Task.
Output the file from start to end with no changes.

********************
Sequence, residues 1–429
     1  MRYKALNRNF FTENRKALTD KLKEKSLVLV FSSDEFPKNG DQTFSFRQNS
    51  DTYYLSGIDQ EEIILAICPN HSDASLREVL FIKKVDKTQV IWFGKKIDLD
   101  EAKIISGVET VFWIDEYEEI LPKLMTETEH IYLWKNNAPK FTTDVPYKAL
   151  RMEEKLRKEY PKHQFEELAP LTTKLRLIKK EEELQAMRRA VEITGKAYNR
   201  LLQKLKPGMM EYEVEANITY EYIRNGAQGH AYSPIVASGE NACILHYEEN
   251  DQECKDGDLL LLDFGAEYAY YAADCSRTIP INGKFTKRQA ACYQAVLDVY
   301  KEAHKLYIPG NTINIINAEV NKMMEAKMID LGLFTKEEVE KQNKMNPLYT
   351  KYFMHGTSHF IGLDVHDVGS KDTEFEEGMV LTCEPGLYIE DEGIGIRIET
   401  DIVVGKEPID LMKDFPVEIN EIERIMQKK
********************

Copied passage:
Sequence, residues 1–429
     1  MRYKALNRNF FTENRKALTD KLKEKSLVLV FSSDEFPKNG DQTFSFRQNS
    51  DTYYLSGIDQ EEIILAICPN HSDASLREVL FIKKVDKTQV IWFGKKIDLD
   101  EAKIISGVET VFWIDEYEEI LPKLMTETEH IYLWKNNAPK FTTDVPYKAL
   151  RMEEKLRKEY PKHQFEELAP LTTKLRLIKK EEELQAMRRA VEITGKAYNR
   201  LLQKLKPGMM EYEVEANITY EYIRNGAQGH AYSPIVASGE NACILHYEEN
   251  DQECKDGDLL LLDFGAEYAY YAADCSRTIP INGKFTKRQA ACYQAVLDVY
   301  KEAHKLYIPG NTINIINAEV NKMMEAKMID LGLFTKEEVE KQNKMNPLYT
   351  KYFMHGTSHF IGLDVHDVGS KDTEFEEGMV LTCEPGLYIE DEGIGIRIET
   401  DIVVGKEPID LMKDFPVEIN EIERIMQKK